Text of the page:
Fleet Ditch (1841) – a true Dickensian slum

Fleet Street gained its name from the River Fleet which crossed the roadway at Fleet Bridge – nowadays known as Ludgate Circus, and for many years whilst there was an open ditch north of Fleet Street, surrounded by ramshackle housing, prone to flooding and cholera. Not surprisingly crime proliferated – and by the 1826 it was so bad that a drastic reform of policing was necessary.

The nuisance, by the assemblage of groups of dissolute girls and men of notorious character, in the vicinity of Temple Bar, Fleet Street, and the Strand, is now likely to be abolished, as it is in contemplation to establish an effective street police… [ensuring] ‘free passage’ and ‘safe walking’ to the public in these great thoroughfares… to break the almost impassable file of pickpockets and women of the lowest description, who plant themselves in this most crowded… and most convenient thoroughfare for their plunder.

The Metropolitan Police Act 1829 rescued Fleet Street from becoming a no-go area but Victorian Monopoly player’s would have looked for Fleet Street at the cheapest section of section of their game, rather than the upper-middling red area it was allotted by 1936.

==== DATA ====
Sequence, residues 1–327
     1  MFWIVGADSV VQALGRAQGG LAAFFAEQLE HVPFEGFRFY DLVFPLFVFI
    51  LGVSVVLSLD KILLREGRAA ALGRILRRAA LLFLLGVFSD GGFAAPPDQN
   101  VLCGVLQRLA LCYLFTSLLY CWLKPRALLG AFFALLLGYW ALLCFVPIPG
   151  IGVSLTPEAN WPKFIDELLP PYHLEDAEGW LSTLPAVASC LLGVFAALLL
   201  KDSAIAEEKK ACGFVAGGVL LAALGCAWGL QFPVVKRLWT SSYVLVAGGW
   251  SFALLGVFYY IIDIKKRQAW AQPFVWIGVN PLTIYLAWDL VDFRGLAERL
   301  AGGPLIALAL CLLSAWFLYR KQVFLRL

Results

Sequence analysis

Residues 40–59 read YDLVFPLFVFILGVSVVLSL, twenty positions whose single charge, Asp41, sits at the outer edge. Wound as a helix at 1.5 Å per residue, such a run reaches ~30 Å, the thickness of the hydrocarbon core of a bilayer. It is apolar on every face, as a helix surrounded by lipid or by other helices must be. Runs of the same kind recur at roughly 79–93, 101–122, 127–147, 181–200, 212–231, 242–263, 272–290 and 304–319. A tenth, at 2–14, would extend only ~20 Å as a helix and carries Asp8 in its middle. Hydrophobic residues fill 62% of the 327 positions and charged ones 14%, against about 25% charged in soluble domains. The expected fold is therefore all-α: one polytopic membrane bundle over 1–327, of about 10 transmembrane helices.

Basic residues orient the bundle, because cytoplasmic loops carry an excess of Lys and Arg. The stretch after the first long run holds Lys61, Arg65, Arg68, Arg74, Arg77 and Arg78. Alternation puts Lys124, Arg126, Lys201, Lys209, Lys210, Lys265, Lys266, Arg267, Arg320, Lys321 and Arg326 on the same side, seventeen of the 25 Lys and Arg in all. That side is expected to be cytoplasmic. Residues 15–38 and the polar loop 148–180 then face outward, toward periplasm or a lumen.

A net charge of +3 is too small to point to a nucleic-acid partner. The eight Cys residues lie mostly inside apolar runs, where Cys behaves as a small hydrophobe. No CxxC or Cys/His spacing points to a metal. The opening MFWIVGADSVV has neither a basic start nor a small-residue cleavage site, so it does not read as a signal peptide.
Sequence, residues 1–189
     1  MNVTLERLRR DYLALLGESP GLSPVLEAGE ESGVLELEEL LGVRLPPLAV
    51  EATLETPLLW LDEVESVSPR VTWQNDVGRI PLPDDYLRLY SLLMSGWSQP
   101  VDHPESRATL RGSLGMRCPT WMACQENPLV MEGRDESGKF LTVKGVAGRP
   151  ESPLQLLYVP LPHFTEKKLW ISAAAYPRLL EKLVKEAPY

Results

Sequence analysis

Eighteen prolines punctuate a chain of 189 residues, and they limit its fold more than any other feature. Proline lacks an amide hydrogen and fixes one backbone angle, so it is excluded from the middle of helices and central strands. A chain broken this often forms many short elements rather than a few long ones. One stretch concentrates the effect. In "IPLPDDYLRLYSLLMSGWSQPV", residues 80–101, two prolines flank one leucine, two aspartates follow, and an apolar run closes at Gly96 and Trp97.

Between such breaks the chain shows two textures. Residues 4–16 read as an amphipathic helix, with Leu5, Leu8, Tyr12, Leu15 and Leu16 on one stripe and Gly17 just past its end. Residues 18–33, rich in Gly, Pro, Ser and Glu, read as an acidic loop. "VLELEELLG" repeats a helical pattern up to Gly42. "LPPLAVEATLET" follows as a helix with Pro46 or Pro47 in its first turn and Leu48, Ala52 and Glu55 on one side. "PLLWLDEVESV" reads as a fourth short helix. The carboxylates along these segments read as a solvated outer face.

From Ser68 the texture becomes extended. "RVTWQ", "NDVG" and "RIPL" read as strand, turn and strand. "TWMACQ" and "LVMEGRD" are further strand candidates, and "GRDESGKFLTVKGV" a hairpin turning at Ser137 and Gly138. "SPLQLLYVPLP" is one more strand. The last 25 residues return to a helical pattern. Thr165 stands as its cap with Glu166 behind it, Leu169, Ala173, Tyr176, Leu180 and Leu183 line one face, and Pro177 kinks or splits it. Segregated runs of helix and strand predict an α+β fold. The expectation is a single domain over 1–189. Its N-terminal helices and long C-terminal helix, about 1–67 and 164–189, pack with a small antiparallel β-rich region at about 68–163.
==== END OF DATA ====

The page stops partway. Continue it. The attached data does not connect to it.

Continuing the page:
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Trafalgar Square

Trafalgar Square c.1852

By choosing Trafalgar Square to complete their red section, the original creators of the London Monopoly board displayed a sensible and logical understanding of this City’s topography; for Trafalgar Square stands at the western end of the Strand, which in turn leads on to Fleet Street. Trafalgar Square owes its existence to an Act of Parliament (1826) enabling the redevelopment of Charing Cross. This area had been an important meeting place for Londoners since the 13th Century, so it was very suitable for renewal on a grand scale, and perfect to receive a name synonymous with Britain’s new sense of her own power and patriotism. Began by John Nash, Trafalgar Square was finally completed in 1844, though it’s new name, recalling Horatio Nelson’s famous victory over the French (1805), was routinely in use as early as 1833.

When its iconic fountains were added in 1841 at a cost of £11,000, the earth removed was used to level off Green Park. The centrepiece – Nelson’s Column was erected in 1843.

 

Queen Victoria’s Coronation

As we know it today, Trafalgar Square is closely associated with public gatherings, protests, and pageantry. For the Victorian monopoly player this tradition would have reminded them of a very important day – the coronation of their Queen on June 28th 1838. The Standard reported that the mob were ‘never so well behaved’ as they lined the streets to witness the Queen’s ceremonial procession